Dish, dish, dish! If you are a fan of the late humorist Joan Collins, you are by default a fan of author Josh Sabarra. If you are a fan of the fiction of Joan’s younger sister Jackie Collins, you are by default a fan of Josh Sabarra. You can ring sarcasm from the pages of Sabarra’s sophomore novel, Enemies Closer. A sharp turn from his heartfelt, introspective debut novel, Porn Again: a Memoir, this paperback is nothing less than a guilty pleasure. The plotline focuses on the dowdy and downtrodden mid-level office assistant who finds herself on the fringes of Hollywood’s hoi polloi. Marcee Brookes’ status on the outside initially allows her to critically examine the celebrities’ lives of excess. However, she is quickly swept into this fast lifestyle when she agrees to a blind date with a well-known film star, Brent Wetherley. Protagonist Brookes bounces her anxiety-ridden thoughts off her mother and gay best friend who serves as both her therapist and diary, a plot device that allows the character to remain relatable and down-to-earth. The twists and turns the story takes in the last two chapters leave the reader at first shocked and finally smugly satisfied. Brookes walks off the last page of the novel with her head held high having earned a new level of self-respect and leaves the reader hopeful for a sequel.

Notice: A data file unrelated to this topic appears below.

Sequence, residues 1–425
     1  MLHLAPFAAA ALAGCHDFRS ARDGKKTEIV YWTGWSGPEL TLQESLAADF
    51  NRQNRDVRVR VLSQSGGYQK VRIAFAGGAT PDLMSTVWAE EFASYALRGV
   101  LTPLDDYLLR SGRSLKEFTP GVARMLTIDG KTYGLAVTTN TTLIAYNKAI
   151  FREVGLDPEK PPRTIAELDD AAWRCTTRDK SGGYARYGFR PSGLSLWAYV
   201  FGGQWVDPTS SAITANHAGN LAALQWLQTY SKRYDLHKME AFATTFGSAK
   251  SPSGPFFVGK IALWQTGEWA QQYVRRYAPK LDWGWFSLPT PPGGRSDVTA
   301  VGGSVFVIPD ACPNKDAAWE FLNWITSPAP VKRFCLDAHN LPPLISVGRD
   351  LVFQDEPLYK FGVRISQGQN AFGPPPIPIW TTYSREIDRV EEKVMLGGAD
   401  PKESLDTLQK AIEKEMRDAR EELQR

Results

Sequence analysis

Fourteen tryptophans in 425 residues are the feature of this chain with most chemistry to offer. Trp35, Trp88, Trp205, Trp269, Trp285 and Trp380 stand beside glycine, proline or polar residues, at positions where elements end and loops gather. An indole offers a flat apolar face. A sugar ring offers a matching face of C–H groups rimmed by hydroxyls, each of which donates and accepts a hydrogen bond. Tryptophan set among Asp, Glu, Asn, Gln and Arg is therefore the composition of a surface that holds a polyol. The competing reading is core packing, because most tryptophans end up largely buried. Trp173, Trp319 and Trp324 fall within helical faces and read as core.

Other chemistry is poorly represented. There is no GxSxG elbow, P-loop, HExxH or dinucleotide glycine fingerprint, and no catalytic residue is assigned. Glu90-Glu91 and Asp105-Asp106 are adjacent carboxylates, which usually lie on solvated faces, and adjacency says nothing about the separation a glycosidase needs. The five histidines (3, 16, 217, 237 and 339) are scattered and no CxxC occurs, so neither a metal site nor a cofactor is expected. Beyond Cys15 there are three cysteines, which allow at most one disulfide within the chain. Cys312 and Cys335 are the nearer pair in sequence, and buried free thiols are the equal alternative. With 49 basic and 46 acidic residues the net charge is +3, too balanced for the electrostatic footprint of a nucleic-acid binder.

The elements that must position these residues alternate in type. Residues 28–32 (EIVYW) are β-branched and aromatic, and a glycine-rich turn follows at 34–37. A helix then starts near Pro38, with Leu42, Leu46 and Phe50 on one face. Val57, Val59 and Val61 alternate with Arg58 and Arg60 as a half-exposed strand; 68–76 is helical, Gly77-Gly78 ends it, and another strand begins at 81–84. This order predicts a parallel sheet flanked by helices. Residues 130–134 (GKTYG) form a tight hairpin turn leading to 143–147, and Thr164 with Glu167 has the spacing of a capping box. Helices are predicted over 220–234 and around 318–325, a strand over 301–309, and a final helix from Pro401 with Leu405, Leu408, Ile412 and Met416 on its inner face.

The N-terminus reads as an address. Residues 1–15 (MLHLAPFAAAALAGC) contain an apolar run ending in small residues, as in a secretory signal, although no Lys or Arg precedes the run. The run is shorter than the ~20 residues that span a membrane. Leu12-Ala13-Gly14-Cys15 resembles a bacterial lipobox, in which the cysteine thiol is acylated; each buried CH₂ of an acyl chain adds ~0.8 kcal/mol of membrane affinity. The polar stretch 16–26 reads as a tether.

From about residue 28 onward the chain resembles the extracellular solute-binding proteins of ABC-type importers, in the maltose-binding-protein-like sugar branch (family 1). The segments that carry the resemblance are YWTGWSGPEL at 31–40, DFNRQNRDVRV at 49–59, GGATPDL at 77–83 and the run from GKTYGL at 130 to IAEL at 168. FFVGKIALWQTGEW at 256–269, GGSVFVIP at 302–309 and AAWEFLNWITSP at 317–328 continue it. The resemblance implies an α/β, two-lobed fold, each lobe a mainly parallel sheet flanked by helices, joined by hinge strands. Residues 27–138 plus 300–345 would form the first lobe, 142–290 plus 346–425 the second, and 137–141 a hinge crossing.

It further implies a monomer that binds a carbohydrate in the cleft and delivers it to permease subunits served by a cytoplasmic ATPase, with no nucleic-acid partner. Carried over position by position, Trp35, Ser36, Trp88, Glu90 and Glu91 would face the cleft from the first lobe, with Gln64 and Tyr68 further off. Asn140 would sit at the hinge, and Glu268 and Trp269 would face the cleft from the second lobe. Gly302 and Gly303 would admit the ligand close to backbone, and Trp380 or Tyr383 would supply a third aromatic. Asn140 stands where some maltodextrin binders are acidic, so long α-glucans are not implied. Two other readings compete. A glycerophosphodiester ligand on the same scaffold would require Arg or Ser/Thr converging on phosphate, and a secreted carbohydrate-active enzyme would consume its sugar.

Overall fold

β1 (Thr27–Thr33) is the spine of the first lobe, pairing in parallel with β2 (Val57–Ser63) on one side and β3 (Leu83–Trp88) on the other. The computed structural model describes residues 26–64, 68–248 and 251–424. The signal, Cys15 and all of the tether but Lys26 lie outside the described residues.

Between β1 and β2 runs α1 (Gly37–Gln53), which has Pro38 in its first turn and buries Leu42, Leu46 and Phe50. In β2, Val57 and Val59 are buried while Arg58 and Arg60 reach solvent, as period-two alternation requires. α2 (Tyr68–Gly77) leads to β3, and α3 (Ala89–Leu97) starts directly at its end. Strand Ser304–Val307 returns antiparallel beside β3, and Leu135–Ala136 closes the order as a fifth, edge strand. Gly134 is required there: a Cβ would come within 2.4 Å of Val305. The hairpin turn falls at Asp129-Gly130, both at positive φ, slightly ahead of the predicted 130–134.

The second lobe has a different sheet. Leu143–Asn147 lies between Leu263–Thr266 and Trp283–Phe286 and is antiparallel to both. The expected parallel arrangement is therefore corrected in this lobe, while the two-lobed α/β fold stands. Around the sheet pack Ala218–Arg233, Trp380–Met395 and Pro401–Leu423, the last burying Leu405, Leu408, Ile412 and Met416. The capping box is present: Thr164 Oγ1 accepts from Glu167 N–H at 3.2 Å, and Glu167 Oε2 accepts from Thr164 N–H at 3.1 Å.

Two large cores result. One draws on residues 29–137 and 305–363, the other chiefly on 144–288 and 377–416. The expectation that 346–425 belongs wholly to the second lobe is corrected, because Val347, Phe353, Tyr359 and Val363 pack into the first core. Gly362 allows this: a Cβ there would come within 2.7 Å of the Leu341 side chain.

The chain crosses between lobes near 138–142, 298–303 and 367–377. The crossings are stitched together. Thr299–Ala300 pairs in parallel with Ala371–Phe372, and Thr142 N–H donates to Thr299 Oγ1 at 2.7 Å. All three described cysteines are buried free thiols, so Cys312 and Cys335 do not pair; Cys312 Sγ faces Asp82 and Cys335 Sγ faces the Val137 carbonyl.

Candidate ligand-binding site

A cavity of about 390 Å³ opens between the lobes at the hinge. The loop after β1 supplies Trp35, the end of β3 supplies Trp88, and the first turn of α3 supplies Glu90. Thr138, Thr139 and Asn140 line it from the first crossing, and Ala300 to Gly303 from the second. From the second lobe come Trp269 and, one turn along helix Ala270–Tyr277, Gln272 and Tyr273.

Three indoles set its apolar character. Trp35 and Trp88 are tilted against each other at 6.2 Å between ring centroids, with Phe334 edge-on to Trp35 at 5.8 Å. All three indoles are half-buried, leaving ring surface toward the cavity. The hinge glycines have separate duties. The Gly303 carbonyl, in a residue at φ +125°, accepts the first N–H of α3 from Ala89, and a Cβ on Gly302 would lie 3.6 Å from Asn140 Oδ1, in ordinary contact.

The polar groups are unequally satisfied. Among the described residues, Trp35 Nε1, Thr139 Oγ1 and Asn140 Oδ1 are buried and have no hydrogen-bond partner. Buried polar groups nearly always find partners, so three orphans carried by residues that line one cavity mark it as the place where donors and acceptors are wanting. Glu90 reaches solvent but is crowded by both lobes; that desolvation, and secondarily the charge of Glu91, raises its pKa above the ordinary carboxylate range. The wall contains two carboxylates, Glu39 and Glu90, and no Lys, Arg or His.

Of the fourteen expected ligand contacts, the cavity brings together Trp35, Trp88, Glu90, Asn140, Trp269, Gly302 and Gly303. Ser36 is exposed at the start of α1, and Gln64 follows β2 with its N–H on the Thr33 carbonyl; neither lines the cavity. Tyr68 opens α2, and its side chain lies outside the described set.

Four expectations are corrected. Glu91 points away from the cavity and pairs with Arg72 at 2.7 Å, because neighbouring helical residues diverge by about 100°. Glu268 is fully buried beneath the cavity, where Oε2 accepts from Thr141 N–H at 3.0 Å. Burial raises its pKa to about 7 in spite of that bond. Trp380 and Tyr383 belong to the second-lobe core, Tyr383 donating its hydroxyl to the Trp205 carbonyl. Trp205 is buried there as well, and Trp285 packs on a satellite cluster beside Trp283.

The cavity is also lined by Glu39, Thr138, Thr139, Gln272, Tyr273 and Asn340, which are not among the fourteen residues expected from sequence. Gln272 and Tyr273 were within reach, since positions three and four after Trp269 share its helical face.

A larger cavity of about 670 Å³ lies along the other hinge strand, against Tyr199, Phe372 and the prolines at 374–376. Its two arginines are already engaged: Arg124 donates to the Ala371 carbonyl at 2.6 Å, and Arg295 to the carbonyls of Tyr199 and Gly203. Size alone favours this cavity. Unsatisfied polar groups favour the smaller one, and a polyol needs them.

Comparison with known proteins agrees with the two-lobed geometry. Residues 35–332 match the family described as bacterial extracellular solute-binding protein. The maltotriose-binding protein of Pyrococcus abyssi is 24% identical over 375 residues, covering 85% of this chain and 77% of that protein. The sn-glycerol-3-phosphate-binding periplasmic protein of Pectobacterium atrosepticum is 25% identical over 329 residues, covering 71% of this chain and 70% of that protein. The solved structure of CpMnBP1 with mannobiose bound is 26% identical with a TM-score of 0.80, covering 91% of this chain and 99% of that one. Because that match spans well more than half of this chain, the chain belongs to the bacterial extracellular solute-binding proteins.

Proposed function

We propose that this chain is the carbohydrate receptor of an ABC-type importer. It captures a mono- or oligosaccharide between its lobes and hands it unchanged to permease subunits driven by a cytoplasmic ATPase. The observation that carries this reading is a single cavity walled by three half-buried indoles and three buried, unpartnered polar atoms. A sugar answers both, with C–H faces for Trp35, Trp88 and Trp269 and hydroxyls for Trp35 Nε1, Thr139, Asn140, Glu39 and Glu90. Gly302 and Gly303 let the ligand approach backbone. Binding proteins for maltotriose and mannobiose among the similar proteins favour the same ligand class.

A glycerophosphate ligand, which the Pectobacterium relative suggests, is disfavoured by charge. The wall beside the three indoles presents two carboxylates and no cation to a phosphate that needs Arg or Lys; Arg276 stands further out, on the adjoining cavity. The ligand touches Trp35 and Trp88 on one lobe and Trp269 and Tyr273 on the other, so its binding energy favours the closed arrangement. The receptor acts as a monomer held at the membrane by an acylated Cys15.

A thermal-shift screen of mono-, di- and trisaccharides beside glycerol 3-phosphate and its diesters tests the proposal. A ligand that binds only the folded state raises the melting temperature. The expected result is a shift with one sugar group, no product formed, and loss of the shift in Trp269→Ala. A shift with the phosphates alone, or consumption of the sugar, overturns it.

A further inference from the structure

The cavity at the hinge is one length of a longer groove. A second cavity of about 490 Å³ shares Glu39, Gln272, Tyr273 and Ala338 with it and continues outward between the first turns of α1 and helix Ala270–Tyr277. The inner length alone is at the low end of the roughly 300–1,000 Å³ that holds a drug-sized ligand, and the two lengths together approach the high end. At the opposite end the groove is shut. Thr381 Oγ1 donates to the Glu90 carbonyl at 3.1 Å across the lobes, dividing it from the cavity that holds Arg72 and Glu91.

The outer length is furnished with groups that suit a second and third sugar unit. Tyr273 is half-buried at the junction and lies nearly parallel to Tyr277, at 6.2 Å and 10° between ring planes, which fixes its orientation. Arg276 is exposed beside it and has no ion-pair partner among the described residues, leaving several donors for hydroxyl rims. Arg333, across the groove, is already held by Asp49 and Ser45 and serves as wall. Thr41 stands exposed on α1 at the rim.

A native of Florida via New York and now an LA local, author Sabarra is a long-time industry insider. Having held high-level marketing positions with media front runners such as Disney, Lifetime, and Miramax, Sabarra is uniquely positioned to gain considerable insight into the real-life personality quirks of the celebrities that are loosely mirrored in Enemies Closer. The elite characters all engage in unsavory habits including gossiping about their “friend” who arrives late to the table, returning a glass of bottled water because it contains ice made from tap water, and covertly gulping down meaty appetizers while maintaining a strictly vegan public image.

Sharp-witted one-liners permeate the pages leaving the reader wishing they could come up with fiery observations like: “spinning is a cult, it’s basically Jonestown but with vitamin water instead of Kool-Aid;” “they hand out Emmys like free condoms at a gay men’s health clinic;” and “you’re about 30 dicks too late to be a born again virgin….” Many of which are available in a portable form as part of his merchandise line available at

If you have time to burn this winter and need something to take the edge off the doldrums, pick up a copy of Enemies Closer. It’ll add some break up your tedium with snark. This book is not available in an e-book format but it is available as an audiobook narrated by the supremely experienced voiceover artist, Rachel Fulginiti.


Review & Photographs by Sara Culver Provencio